James A. Williams as Troy Maxson in Fences. Photo by Chris Bennion.

The acting, as is to be expected from Seattle Rep, is fantastic and helps to move the play along at a good clip (which is important for an almost three hour affair at the theater). Williams' portrayal of Troy leaves the audience haunted and unsure of whether they are to pity the man who did the best he could considering his circumstances or hate him for how he treats his wife and son and impedes their own growth. Stauton does an equally fantastic job of playing a strong yet dependent woman who wants the best for her and her family at almost any cost. William Hall Jr. (an actor this reviewer has had the pleasure of seeing before at Seattle Rep in Birdie Blue) plays Troy's best friend and male conscience, Jim Bono. Though perhaps not as outspoken as Rose, Bono tries time and time again to keep Troy on the right path and reminds him when he veers. Where much of the conflict in Troy's life occurs is through his two sons, Lyons and Cory, and his mentally-disabled older brother, Gabriel, played by Jose A Rufino, Stephan Tyrone Williams, and Craig Alan Edwards, respectively. All do a great job of playing not only the obvious side of their characters such as grifter and football player but also emphasizing the multiple dimensions with Gabriel's love for his brother and Cory's desire to overcome his fear of his father while making his own way through the world.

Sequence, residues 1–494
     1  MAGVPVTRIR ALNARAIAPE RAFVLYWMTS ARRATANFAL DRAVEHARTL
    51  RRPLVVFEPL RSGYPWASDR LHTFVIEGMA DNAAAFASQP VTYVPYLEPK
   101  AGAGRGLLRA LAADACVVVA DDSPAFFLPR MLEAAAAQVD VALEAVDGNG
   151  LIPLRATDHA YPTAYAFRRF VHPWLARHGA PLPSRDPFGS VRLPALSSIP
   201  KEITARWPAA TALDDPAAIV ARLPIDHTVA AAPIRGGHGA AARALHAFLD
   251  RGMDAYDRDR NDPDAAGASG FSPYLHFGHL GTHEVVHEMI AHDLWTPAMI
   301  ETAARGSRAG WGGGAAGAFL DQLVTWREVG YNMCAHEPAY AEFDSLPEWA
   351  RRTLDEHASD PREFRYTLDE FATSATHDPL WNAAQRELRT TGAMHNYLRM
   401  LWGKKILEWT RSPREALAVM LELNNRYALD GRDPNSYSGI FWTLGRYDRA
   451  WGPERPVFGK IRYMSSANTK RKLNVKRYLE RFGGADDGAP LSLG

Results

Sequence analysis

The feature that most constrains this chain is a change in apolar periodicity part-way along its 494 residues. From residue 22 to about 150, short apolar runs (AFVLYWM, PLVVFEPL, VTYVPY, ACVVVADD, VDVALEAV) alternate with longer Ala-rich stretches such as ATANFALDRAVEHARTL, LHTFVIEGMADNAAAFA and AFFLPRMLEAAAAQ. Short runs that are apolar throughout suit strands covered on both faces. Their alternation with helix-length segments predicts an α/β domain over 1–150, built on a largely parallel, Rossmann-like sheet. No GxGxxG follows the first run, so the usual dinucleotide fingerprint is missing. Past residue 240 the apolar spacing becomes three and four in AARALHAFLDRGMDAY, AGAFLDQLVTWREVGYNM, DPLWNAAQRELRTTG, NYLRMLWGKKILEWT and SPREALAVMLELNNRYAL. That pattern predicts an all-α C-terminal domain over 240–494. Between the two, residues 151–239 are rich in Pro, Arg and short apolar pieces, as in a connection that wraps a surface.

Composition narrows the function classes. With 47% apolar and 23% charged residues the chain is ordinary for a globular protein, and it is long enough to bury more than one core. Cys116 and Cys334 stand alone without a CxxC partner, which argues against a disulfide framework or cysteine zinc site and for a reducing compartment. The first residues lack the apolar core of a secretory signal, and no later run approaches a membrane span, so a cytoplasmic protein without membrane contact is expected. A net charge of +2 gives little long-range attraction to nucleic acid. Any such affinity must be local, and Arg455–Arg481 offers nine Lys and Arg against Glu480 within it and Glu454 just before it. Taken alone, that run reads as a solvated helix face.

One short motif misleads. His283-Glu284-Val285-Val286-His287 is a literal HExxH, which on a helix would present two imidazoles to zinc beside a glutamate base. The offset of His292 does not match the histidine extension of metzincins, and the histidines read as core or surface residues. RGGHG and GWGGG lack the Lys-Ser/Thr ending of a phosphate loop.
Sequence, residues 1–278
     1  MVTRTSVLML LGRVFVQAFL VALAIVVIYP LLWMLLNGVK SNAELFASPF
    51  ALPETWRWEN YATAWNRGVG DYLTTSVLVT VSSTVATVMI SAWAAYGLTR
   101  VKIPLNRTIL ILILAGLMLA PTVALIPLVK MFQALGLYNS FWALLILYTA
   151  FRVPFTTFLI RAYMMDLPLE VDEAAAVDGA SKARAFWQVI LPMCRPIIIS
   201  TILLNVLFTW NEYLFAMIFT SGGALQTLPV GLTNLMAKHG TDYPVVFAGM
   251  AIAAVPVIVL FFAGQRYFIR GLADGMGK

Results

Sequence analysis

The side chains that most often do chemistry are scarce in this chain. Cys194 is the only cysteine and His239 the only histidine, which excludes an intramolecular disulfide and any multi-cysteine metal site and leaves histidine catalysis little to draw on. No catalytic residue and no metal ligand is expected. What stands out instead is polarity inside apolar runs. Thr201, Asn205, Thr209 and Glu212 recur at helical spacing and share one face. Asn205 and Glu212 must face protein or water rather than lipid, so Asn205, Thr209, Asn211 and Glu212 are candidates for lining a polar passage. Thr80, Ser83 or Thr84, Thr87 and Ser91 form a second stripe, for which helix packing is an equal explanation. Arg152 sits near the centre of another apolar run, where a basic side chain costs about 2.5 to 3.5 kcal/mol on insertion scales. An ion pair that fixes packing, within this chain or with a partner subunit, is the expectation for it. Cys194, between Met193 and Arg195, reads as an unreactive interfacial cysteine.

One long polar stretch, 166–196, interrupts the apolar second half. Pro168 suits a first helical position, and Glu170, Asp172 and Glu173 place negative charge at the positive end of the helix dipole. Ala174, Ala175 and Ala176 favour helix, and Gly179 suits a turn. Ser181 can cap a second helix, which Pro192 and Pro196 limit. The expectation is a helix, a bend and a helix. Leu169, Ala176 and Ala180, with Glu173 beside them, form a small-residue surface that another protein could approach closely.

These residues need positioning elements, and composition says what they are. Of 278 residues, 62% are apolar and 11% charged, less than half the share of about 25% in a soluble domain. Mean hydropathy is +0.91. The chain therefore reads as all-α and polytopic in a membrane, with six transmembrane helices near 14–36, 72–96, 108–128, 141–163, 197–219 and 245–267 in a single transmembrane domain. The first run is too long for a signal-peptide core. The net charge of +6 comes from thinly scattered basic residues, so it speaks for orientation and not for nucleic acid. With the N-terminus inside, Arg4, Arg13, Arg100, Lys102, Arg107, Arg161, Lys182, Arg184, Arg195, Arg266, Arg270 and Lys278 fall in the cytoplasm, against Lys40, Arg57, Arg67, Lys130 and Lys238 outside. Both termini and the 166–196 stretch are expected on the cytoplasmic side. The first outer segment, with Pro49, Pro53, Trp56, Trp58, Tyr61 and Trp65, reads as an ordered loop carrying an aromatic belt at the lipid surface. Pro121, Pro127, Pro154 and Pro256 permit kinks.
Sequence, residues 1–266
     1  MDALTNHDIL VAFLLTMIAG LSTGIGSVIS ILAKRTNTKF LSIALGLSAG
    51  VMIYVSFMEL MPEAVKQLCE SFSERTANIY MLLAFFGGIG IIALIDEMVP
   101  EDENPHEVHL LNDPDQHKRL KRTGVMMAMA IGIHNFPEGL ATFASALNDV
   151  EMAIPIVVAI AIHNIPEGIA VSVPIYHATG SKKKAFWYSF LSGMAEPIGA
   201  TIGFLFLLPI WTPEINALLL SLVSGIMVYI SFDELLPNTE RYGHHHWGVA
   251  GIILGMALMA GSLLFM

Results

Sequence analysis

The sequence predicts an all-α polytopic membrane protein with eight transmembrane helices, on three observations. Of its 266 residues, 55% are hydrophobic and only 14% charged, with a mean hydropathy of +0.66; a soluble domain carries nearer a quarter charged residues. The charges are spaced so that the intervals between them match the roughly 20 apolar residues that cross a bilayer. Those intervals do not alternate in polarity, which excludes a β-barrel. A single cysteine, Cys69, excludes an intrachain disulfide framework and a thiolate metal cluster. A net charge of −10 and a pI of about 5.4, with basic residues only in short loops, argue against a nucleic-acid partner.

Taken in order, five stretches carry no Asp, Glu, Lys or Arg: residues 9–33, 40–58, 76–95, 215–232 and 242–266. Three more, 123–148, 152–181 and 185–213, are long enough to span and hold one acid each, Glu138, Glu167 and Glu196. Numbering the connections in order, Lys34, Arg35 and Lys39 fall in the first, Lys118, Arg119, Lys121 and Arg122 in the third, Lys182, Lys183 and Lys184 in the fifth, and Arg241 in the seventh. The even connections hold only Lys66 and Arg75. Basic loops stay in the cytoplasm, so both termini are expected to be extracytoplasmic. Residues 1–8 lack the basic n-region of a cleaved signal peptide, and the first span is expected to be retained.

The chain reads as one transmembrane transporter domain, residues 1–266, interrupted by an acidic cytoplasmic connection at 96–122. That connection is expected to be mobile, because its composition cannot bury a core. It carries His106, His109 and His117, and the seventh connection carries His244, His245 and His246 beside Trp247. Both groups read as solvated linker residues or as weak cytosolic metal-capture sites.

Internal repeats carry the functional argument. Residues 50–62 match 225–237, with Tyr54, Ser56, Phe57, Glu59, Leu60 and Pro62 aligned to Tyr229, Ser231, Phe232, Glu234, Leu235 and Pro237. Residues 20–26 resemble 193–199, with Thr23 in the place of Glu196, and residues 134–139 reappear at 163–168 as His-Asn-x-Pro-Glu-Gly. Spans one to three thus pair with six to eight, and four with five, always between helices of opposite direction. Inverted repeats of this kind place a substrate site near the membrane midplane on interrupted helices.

(L-R) James A. Williams, Kim Staunton, Craig Alan Edwards, and William Hall Jr. in Fences. Photo by Chris Bennion.

As to be expected with an August Wilson story, the portrayal of African American life is complicated and difficult, yet there is hope at the end. Seattle Repertory has accomplished much with this production and it is safe to say much of their achievement has to do with their history with the writer himself. Wilson's legacy lives on at the Seattle Rep and you would be amiss to pass up the opportunity to see this play. Catch it before it moves onto Syracuse.

Review by David Dukart